We found the diminutive witch doctor in a turquoise plaza in a tiny store crammed to the ceiling with imported curiosities. There was a line: people holding their lab results, women seeking fertility enhancement, a few who swore to us that this guy was the best thing that ever happened to them.

We all got in line, even though I didn't have any major complaints. The first three of us all got similar detoxifying prescriptions: two weeks of orange roughy and organic green apples, $100 worth of his products, a continuing dairy and citrus free diet, and daily outdoor walking. "No Treadmills! Outside!"

Isabelle, however, had back problems to discuss. The Vietnamese witch doctor gave her the one prescription we all enjoyed: fill an empty bottle of wine with hot hot water and have someone roll it over your back.

Anxious to follow order, we went back to the condo and emptied a wine bottle or two.

Aaahhhh, did that feel great! I have since tried it on a few different people, including my kids. I rolled out the backs of 8 kids during our Outer Banks week. Last night when my 16 year old dancer was all stiffness and aches from her grueling practice schedule, she requested the hot wine treatment. Immediately, all three kids wanted in. When I went to tuck in my youngest, she had taken the bottle into bed with her and was cuddled around its warmth. "No sleeping with wine bottles, Honey."

So, even though I decided that I prefer my toxins to the witch doctor's herbals, he was spot on with the hot wine treatment.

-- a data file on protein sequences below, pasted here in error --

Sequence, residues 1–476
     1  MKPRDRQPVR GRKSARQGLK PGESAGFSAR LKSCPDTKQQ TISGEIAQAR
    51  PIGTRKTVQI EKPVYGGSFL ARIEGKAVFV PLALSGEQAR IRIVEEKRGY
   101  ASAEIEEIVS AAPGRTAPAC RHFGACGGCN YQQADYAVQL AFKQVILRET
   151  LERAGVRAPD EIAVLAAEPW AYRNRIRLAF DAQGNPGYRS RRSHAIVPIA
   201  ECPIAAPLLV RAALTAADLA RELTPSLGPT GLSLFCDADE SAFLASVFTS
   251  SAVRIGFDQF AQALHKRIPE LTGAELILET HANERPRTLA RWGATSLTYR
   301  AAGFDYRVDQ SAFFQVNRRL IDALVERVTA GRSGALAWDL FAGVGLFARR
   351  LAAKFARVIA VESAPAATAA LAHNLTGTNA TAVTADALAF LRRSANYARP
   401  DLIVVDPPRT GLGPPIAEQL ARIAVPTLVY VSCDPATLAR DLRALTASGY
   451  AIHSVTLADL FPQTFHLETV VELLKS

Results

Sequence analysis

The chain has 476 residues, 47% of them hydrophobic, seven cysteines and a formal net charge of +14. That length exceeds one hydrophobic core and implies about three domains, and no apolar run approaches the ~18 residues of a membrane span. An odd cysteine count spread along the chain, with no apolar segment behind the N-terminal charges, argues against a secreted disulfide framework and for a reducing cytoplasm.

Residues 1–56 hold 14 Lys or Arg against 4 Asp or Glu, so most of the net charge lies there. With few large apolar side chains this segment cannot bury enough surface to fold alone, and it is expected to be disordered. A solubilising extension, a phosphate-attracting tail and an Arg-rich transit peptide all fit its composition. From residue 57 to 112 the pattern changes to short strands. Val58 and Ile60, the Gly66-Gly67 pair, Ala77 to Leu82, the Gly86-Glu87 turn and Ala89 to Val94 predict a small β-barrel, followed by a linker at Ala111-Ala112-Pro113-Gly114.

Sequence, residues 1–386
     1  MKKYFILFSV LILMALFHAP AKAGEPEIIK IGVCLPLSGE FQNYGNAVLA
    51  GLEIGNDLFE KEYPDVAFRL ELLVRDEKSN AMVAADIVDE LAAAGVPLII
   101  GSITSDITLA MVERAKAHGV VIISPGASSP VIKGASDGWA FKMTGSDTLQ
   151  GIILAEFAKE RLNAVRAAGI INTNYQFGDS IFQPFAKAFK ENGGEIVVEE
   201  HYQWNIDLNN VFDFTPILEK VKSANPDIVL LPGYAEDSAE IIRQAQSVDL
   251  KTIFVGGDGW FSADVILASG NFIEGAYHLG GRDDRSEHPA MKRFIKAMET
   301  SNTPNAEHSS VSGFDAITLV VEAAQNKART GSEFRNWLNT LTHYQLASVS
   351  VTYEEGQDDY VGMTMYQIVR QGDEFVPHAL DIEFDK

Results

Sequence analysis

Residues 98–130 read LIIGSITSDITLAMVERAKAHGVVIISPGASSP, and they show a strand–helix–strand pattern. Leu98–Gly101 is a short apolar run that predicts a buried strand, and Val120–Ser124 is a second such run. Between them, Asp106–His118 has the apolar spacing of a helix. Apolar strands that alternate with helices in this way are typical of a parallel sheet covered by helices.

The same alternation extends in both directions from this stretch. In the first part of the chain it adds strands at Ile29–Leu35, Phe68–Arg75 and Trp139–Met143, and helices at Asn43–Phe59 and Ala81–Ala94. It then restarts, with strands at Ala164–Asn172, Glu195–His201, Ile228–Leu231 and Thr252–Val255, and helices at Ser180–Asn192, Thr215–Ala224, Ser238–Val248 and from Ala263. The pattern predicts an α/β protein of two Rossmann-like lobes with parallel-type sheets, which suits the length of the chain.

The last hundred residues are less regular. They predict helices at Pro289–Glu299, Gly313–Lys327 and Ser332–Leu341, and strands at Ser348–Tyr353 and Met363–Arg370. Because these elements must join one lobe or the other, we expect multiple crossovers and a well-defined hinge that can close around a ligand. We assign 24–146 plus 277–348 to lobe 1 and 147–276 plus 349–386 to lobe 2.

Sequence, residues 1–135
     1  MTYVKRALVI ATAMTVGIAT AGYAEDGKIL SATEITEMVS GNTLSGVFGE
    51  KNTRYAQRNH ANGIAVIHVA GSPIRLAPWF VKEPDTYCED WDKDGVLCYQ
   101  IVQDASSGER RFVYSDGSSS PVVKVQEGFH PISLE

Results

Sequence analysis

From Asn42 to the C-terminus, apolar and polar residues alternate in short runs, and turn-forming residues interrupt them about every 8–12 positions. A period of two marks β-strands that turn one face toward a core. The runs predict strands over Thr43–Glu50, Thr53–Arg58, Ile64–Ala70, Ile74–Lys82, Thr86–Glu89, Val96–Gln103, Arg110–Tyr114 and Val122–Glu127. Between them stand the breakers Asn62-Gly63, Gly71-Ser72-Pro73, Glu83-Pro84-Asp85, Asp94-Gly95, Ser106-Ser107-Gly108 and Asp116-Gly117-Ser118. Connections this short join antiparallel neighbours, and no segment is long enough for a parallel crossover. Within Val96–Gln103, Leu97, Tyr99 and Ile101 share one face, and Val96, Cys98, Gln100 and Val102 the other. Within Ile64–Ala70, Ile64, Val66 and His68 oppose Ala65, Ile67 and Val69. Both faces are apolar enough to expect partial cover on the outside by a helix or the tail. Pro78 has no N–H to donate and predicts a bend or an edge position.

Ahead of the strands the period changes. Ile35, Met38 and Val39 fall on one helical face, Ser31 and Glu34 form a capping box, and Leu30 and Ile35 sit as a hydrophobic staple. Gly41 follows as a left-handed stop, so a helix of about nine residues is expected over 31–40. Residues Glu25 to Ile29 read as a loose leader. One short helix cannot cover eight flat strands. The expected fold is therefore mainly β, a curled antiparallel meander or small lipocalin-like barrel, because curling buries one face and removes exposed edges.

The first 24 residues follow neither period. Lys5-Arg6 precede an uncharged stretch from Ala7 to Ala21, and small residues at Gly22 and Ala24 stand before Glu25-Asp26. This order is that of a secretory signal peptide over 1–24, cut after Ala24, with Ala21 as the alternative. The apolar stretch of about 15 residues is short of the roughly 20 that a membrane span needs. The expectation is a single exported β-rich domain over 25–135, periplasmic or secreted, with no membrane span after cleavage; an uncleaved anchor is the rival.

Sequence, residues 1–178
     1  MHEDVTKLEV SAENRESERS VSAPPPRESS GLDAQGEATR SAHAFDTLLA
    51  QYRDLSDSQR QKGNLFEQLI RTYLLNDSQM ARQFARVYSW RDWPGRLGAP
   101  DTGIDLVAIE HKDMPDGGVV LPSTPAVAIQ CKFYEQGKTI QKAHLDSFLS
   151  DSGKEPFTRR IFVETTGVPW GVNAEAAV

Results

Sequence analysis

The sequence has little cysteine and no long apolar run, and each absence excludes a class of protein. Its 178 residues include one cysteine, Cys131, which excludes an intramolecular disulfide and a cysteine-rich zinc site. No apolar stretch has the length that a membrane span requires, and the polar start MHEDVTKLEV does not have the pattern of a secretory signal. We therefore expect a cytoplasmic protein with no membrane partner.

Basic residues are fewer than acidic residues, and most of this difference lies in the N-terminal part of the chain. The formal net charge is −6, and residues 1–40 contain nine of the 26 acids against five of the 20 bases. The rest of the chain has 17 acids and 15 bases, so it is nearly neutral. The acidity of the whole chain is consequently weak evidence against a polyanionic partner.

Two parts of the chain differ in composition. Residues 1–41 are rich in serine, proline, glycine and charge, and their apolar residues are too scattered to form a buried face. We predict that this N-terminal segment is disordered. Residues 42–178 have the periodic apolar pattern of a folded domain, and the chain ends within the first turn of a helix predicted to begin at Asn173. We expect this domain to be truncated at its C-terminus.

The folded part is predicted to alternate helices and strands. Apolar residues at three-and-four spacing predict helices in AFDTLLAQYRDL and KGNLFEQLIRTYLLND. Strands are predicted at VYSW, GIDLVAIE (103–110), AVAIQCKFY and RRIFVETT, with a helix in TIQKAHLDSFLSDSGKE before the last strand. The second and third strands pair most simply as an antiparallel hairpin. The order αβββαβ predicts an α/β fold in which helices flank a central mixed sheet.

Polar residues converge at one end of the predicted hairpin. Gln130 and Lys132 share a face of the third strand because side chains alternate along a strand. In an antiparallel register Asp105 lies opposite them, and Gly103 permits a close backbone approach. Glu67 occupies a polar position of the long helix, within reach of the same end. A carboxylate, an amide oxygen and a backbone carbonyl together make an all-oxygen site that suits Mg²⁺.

I was afraid of the wine bottle shattering. So I filled it with hot tap water while I put the tea kettle on. Then I poured out about half of that and added the boiling water. I recommend using a wine bottle with a screw top for obvious reasons. Also, use one with sloping shoulders. The skinny end feels marvelous around the neck. Keep a t-shirt on as it is too hot for bare skin.

Let me know if you try it. You'll make friends fast.

Tuesday, November 10, 2009

I guess I knew I would ripple the surface when I hit "reply to all" on a recent e-mail that sarcastically oversimplifyied problems with "Mexican" illegal immigrants and unfairly blamed the problem on Obama. The e-mail came from an adult involved in one of my kids' organizations. Maybe I should have just deleted it like I usually do. But I could see the e-mail addresses of the people to whom it was sent and I didn't want them to think that I thought this was funny. I didn't want them to start sending me this crap too.

So I sent a brief, but clear reply-to-all, stating that I found the oversimplification offensive and that problems with immigration existed before Obama and would exist after Obama.

Man-o-man! Two fellow-recipients moderately backed me up, which I appreciated however anemic their support. I received a scathing e-mail from either the sender's wife or daughter saying, among other things, that I was wrong to have replied to all. Of course, I had to reply to that too, but just to her since she sent it just to me.

The sender apologized and removed me from his political tirade e-mail list, which I thanked him for. I also told him I was confident that the offense was unintentional. When I saw him again, he was friendly, although I can't say I felt that way from the looks his daughter and wife gave me. Let's just say I'm not expecting any dinner invitations, which is fine by me.

So do you get these kind of political or religious e-mails that are opposite your views? Do you just continue to delete? Have you ever replied to all? Do you think I was out of line? At what point do you feel you must respond?